Melatonin is a hormone known primarily for its involvement in the regulation of circadian rhythms (the body clock). However, melatonin has also been shown to have antioxidant, anti-inflammatory, and anti-carcinogenic properties, especially in breast cancer. While most studies have focused on melatonin's chemopreventive activities in hormone receptor positive (ER+/PR+) breast cancer cells, there is also evidence that melatonin can have beneficial effects in hormone receptor negative (ER-/PR-) disease. For example, in one study, melatonin reduced tumor growth, proliferation, and angiogenesis in an animal model of triple negative (ER-/PR-/HER2-) breast cancer. Now a new study has demonstrated that melatonin is effective in regulating angiogenic and inflammatory proteins that contribute to triple negative tumor progression.
Melatonin and the tumor microenvironment
The tumor microenvironment includes noncancerous cells and proteins present both within the tumor and surrounding it. The microenvironment typically contains immune cells, blood vessel cells and fibroblasts (a type of connective tissue cell), as well as the proteins produced by these cells and the tumor itself. Far from being an isolated or encapsulated ball of cancer cells that is attempting to hide from the immune system, the typical breast tumor helps generate a microenvironment that can subvert the body's defenses. For example, immune cells that arrive at the site may have their anti-cancer functions compromised in response to tumor-derived signals—sometimes such functions are actually co-opted to promote tumor growth.
Fibroblasts, which produce collagen and other fibers, maintain the structural integrity of connective tissues. Accumulations of fibroblasts around breast cancer cells provide structural and biochemical support for breast cancer. Melatonin has been shown to influence multiple components of the tumor microenvironment, resulting in an inhospitable environment for tumor progression. For example, melatonin has been shown to inhibit estrogen production in breast adipose fibroblasts and alter their interaction with malignant breast cells.
Sources of melatonin
Melatonin is synthesized and secreted by the pineal gland in the brain. Melatonin is produced at night (or in darkness) and nocturnal light disrupts melatonin synthesis. Blue light wavelengths appear to have a far greater suppressive effect on melatonin production than red wavelengths. Women can maintain their melatonin levels by getting enough sleep, avoiding night shift work and light exposure at night (using red rather than blue or green light when light is necessary), and consuming a melatonin-rich diet.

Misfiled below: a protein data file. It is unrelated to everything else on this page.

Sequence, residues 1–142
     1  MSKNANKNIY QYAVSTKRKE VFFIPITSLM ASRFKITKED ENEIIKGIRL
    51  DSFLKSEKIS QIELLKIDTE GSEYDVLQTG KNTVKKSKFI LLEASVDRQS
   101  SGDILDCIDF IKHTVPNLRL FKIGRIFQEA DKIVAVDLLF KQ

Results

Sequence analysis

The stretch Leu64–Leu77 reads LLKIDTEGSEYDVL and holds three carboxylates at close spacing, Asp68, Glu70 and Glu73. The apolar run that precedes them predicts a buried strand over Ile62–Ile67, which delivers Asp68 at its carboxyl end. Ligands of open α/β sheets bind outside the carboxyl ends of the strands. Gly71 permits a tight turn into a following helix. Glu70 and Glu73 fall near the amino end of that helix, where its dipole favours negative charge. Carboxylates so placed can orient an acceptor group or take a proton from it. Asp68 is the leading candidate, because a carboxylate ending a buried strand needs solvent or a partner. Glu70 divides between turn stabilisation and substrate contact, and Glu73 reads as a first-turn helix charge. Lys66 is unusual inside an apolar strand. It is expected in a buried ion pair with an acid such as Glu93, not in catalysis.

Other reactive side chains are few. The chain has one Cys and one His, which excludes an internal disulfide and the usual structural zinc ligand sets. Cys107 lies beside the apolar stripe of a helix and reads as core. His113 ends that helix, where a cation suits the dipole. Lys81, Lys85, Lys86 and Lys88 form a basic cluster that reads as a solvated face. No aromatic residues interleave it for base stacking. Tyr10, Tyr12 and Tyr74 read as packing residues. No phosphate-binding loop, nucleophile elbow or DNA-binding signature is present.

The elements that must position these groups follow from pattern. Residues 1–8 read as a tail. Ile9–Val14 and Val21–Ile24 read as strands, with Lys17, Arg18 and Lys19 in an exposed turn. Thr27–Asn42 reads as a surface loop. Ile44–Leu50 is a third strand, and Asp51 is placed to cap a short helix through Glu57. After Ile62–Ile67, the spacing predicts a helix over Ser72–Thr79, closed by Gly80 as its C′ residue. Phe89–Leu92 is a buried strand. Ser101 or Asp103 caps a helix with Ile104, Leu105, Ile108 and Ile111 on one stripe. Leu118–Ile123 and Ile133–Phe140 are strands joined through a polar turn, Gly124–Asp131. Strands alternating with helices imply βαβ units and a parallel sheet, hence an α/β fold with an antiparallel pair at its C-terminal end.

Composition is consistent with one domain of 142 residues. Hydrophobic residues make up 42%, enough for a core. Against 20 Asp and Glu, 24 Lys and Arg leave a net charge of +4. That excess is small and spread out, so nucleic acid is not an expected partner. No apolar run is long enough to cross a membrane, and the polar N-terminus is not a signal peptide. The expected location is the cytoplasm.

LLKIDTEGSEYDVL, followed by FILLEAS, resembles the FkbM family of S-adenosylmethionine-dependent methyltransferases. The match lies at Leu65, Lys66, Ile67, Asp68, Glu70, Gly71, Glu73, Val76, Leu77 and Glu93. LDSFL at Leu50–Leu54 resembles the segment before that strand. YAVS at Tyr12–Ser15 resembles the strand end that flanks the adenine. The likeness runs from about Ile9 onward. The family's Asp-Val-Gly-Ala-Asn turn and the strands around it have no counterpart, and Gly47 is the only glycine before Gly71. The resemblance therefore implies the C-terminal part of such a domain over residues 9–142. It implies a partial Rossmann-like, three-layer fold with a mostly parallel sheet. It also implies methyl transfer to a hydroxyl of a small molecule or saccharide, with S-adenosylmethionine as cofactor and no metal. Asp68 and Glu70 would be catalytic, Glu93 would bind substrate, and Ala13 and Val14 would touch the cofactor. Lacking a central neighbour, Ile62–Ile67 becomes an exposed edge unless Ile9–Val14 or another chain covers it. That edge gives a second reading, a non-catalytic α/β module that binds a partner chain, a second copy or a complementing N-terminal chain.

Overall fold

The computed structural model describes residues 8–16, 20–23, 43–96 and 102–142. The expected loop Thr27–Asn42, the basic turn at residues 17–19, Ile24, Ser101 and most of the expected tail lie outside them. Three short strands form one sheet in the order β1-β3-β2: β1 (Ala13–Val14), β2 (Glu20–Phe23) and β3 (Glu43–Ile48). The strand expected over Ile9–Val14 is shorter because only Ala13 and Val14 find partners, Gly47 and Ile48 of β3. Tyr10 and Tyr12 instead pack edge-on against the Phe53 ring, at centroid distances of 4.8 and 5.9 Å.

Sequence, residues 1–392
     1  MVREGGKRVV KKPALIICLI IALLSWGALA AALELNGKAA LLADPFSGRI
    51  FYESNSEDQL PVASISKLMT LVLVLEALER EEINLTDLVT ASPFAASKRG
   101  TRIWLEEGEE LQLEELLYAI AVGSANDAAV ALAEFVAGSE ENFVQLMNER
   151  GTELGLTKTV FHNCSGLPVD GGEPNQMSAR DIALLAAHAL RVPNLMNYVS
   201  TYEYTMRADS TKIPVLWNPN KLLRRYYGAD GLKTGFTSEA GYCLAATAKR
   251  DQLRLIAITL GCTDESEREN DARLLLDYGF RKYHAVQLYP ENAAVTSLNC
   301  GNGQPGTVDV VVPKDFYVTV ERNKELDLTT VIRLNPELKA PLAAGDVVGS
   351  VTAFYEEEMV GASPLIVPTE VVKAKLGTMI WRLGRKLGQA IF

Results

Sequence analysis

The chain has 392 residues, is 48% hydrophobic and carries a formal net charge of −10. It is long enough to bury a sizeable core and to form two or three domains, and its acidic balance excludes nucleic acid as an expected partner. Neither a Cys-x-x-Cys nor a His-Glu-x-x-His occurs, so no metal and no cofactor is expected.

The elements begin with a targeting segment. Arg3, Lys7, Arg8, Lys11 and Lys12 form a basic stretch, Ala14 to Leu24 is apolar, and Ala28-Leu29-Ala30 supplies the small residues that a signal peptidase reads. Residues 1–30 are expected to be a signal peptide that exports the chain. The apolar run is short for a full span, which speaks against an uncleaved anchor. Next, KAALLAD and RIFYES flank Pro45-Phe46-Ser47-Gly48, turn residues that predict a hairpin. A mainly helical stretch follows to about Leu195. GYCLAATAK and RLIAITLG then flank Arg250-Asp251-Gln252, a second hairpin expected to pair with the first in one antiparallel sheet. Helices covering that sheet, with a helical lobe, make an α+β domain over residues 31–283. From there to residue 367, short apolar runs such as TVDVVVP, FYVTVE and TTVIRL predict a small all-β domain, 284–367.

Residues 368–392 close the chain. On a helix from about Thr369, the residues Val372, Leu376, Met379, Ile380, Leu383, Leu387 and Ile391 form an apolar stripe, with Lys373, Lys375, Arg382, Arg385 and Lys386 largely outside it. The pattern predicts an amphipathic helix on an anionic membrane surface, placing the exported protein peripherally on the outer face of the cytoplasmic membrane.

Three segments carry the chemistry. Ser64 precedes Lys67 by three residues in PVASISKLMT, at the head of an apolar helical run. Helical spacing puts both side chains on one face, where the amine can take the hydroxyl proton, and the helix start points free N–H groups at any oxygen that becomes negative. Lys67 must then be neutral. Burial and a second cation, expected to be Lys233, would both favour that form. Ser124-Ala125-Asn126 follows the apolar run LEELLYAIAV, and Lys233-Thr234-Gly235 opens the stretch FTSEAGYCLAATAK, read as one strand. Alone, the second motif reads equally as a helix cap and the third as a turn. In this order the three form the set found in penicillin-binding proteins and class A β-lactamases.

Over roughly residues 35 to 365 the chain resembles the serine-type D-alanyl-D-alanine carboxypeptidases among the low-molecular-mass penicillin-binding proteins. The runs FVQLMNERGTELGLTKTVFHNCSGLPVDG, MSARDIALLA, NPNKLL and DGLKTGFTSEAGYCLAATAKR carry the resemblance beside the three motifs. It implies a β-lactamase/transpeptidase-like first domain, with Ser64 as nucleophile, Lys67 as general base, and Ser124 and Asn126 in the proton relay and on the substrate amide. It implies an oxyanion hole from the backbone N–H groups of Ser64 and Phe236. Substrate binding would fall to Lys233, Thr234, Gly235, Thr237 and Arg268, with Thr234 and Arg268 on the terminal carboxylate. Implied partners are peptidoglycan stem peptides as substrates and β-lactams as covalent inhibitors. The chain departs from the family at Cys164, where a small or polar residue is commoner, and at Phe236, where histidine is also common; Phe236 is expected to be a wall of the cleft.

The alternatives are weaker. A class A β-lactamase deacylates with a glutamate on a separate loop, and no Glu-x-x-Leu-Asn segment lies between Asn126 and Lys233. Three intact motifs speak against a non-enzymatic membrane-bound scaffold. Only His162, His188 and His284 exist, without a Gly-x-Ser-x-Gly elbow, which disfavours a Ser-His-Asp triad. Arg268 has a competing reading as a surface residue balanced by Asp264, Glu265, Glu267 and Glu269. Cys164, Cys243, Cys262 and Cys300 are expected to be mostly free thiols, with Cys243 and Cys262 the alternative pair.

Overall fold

The foods below are good sources of melatonin and have also been found to be associated with reduced breast cancer risk or recurrence:Sweet corn and rolled oats also contain melatonin. On the other hand, red meat consumption has been shown reduce circulating melatonin.
Melatonin supplements are typically taken to aid sleep or as part of an anti-aging regimen. Although such supplements have been shown to be effective in increasing circulating melatonin levels, there have been few studies concerning the impact of such supplementation on breast cancer risk or breast cancer recurrence. One 2001 study reported that while mice given melatonin in their drinking water from age six months onwards lived longer than untreated control mice, they also developed more tumors. Safe and effective dosages for breast cancer survivors have not been established.
Latest research demonstrates that melatonin reduces angiogenesis
The study referenced at the beginning of this news story was designed to investigate the influence of melatonin on MDA-MB-231 triple negative breast cancer cell viability, angiogenesis ad inflammation, especially when co-cultured with cancer-associated fibroblasts (CAFs). CAFs are cells residing in the tumor microenvironment that promote tumor growth, angiogenesis, inflammation, and metastasis, in part by secreting growth factors. Melatonin has been found to play role in preventing breast cancer development and also participate in reducing the synthesis of CAFs and endothelial cells in breast cancer.
Treatment with melatonin for 48 hours was found to reduce the viability of triple negative cells, CAFs and co-culture. When a monoculture of tumor cells only was compared to co-culture of CAFs, the authors found evidence of regulation of proteins involved with angiogenesis and inflammation. Treatment with melatonin was also found to result in altered expression of angiogenic and inflammatory proteins in both monoculture and co-culture of tumor cells and CAFs. The authors comment that the study results confirm that CAFs increase the malignancy of a tumor. Furthermore, melatonin is effective in regulating angiogenic and inflammatory proteins that contribute to tumor progression, both in monoculture and co-culture with CAFs.